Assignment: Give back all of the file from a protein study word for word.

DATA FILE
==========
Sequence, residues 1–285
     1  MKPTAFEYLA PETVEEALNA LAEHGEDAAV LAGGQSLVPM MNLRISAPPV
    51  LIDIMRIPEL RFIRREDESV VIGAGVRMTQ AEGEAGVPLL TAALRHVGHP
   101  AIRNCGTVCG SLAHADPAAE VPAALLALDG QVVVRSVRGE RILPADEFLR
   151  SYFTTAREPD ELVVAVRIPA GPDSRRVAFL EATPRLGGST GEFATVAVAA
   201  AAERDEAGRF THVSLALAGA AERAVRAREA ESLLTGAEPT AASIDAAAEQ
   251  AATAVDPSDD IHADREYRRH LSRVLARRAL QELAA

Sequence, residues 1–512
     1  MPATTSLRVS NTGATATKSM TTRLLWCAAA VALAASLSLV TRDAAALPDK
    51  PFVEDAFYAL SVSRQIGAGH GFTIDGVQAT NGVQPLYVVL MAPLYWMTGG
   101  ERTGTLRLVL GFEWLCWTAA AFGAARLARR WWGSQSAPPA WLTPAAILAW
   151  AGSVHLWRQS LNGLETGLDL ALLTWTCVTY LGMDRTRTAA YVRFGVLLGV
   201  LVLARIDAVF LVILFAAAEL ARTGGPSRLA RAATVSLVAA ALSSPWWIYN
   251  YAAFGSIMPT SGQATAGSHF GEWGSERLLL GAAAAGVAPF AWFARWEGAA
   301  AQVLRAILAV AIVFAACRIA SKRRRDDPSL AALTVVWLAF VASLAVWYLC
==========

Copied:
Sequence, residues 1–285
     1  MKPTAFEYLA PETVEEALNA LAEHGEDAAV LAGGQSLVPM MNLRISAPPV
    51  LIDIMRIPEL RFIRREDESV VIGAGVRMTQ AEGEAGVPLL TAALRHVGHP
   101  AIRNCGTVCG SLAHADPAAE VPAALLALDG QVVVRSVRGE RILPADEFLR
   151  SYFTTAREPD ELVVAVRIPA GPDSRRVAFL EATPRLGGST GEFATVAVAA
   201  AAERDEAGRF THVSLALAGA AERAVRAREA ESLLTGAEPT AASIDAAAEQ
   251  AATAVDPSDD IHADREYRRH LSRVLARRAL QELAA

Sequence, residues 1–512
     1  MPATTSLRVS NTGATATKSM TTRLLWCAAA VALAASLSLV TRDAAALPDK
    51  PFVEDAFYAL SVSRQIGAGH GFTIDGVQAT NGVQPLYVVL MAPLYWMTGG
   101  ERTGTLRLVL GFEWLCWTAA AFGAARLARR WWGSQSAPPA WLTPAAILAW
   151  AGSVHLWRQS LNGLETGLDL ALLTWTCVTY LGMDRTRTAA YVRFGVLLGV
   201  LVLARIDAVF LVILFAAAEL ARTGGPSRLA RAATVSLVAA ALSSPWWIYN
   251  YAAFGSIMPT SGQATAGSHF GEWGSERLLL GAAAAGVAPF AWFARWEGAA
   301  AQVLRAILAV AIVFAACRIA SKRRRDDPSL AALTVVWLAF VASLAVWYLC